by Sid Jacobson and Ernie Colon.

Hill and Wang, 2010.

So, why does a publisher which doesn’t normally deal in graphic novels / comics decide to put out a book like this?

1) It’s a way to re-publish existing material. This is especially true for The Anne Frank Center whose mission it is to perpetuate her story.

2) They assume – mostly incorrectly – that graphic novels are currently trendy.

3) They assume that kids are too slow / callous to appreciate a prose presentation of the same material.

There seems to be a rash of traditional book publishers jumping into the non-fiction graphic novel game. This one is from Hill and Wang’s “Novel Graphics” (?!) line. In the past it was Classics Illustrated, now it’s this.

For me the benchmarks for these kinds of comics are Art Spiegelman’s Maus, Jack Jaxon’s Los Tejanos, and Joe Sacco’s Safe Area Gorazde.

What I like about historical / journalistic comics is that the very fact that the art usually has a “style,” and the very existence of that style announces a subjective point-of-view. A prose writer might read about 10% unemployment, and then write the sentence, “10% of the people were unemployed.” A cartoonist puts that in a caption and then draws jobless poor people on the street, or dumpster diving. OF COURSE, a prose writer can be subjective (i.e. skew the phrasing to suit his own agenda), but with an idiosyncratic cartoonist there is no possibility of even an attempt at subterfuge – the subjectivity is laid bare. It was the cartoonist who drew that expression on the Prime Minister’s face under that caption, “The PM was unhappy.” If the PM is pounding his fist onto his desk, the effect can even be ironic.

The fact that you can’t get as much “factual” information into a comic as you can into prose, means that there is a sort of unoccupied space in the narrative – and I like it when that space is filled up by the subjectivity of the line art. I mean we don’t have to go so far as representing Jews as mice and Nazis as cats, but as R Fiore wrote a while back:

the most important thing we get out of comics is the experience of comics, which is not the tautology it seems. What I mean by the experience of comics is the subjective universe the cartoonist creates, the way he makes it operate, and the way he visually conveys its inner life.

This to me is what is missing from Anne Frank. The art is almost purely “literal.” Competent, but literal. And since you can get more “factual” information into prose than comics, the historical sections of this book are sometimes damningly simplified, with very little that’s rewarding enough (by which I mean, in the art) to counterbalance that. The art is too stiff and stuffy to propel the essential emotional core of the Anne Frank story, which, I feel, is just as important as its historical context.

In fact, sometimes, Anne creates a metaphor and the art illustrates it verbatim!

Colon also seems to struggle to draw a natural range of facial expressions at times. However, the final concentration camp scenes are excellently done. It’s almost like the artist was saving himself for these moments. And I loved the title page below, where the shadowy citizens in the foreground are contrasted against Anne’s sunny family in the middle ground. With the chapter title up top, it’s especially effective, and I wish we could have had more of this.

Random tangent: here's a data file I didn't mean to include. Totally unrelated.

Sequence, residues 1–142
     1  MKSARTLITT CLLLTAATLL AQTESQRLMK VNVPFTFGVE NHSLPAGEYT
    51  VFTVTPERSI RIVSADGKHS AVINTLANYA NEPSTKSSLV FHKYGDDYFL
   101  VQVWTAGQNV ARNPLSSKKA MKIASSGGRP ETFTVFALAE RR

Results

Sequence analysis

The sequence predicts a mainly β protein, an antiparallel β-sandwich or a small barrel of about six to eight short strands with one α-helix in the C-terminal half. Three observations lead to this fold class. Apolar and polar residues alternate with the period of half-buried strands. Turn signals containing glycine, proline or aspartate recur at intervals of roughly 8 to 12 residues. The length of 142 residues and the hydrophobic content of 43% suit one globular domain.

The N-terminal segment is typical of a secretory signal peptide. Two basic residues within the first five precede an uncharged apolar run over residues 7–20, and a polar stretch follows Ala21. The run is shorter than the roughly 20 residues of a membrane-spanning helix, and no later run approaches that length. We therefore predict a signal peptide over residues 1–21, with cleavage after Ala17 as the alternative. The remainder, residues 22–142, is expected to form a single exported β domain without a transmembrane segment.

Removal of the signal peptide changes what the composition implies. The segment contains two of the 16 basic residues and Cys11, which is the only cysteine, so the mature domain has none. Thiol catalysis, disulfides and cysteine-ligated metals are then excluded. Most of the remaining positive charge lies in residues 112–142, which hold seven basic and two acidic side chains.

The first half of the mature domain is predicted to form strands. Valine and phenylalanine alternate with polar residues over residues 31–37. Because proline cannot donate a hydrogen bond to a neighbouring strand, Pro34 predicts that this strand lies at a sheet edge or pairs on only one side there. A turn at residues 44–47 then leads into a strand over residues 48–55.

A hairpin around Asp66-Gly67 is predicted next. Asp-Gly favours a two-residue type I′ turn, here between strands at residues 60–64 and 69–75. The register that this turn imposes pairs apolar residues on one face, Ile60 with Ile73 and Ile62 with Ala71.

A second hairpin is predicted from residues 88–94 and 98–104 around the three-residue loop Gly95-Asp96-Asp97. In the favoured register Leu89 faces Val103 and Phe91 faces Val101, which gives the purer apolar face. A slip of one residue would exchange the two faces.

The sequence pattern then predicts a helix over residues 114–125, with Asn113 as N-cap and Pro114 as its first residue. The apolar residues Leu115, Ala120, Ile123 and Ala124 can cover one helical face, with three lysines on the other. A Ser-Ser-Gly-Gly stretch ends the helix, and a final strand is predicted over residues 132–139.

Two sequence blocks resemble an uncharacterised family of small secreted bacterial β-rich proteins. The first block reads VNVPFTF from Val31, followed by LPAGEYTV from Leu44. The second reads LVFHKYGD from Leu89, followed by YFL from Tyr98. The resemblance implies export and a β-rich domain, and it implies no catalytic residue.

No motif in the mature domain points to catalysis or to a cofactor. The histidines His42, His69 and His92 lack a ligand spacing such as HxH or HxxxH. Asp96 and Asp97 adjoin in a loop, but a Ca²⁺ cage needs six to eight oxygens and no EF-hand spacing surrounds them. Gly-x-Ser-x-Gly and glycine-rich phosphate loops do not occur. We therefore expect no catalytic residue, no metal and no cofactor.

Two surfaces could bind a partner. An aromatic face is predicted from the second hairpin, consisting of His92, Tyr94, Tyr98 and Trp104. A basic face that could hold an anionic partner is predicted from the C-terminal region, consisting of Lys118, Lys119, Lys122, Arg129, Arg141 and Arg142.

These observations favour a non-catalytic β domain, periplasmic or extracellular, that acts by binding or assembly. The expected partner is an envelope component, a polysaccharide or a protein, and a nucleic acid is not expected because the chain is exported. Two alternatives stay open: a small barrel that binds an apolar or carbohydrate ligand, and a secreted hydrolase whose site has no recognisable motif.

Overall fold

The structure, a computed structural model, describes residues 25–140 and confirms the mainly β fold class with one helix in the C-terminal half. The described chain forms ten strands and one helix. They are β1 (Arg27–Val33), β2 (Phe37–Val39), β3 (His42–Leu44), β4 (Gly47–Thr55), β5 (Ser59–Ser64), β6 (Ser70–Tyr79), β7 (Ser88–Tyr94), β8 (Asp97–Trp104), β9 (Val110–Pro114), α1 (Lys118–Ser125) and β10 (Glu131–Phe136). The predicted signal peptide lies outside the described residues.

What’s so confounding to me about all this is that the art is by Ernie Colon, who is an industry veteran. He is normally more capable than this. Did the problem lie with Jacobson’s script?

However, this is – obviously – a book that was intended to introduce kids to the Anne Frank story. It is probably unfair of me to judge it in terms of its Artistic accomplishments especially as compared to cartoonists like Speigelman, Jaxon, and Sacco. In terms of the former criteria, I suppose it does its job well enough. Kids like pictures.

It’s well structured in the way that we see Anne growing up simultaneously with the rise of the Nazi party, but there are no “poetic” counterpoints there – it’s done purely out of necessity so we understand the overall context of why Anne died. There is also an anecdote about Anne’s father at the start which is well-balanced against the book’s ending with his story as well.

There is also some unintentional – I assume – foreshadowing in the way Anne’s father’s captions are used. Often speaking in hindsight, it becomes clear that he will be the only survivor of the family, even if you are unfamiliar with the Anne Frank story.

I want to also point out that the placement of word balloons and captions is occasionally hard to follow, and sometimes downright baffling. This is a bit weird considering that the authors have done two other nonfiction comics previously – Che: A Graphic Biography and The 9/11 Report: A Graphic Adaptation. You’d think they would have worked out such problems by now.

I also had a serious problem with the fact that Anne dies mid-page in a caption, while her sister dies on-page, in a stylized panel (a rare occurrence in itself as discussed above). This needed a lot more attention to give it the narrative force it deserved.

This is effectively a textbook. I once read that comics is the only medium that requires both sides of the brain simultaneously because it engages visual and linguistic. I don’t know if I actually believe it, but it sure sounds good, and having to use both sides of the brain would make comics an excellent educational tool. But it has to be a good tool. Anne Frank was a naturally gifted writer and this particular presentation of her story fails to access that. It’s telling that I found the timeline at the back more compelling than most of the illustrated story in the book’s main body.

KS

————————————————————————————————-

Kumar Sivasubramanian is the writer of Weird Crime Theater.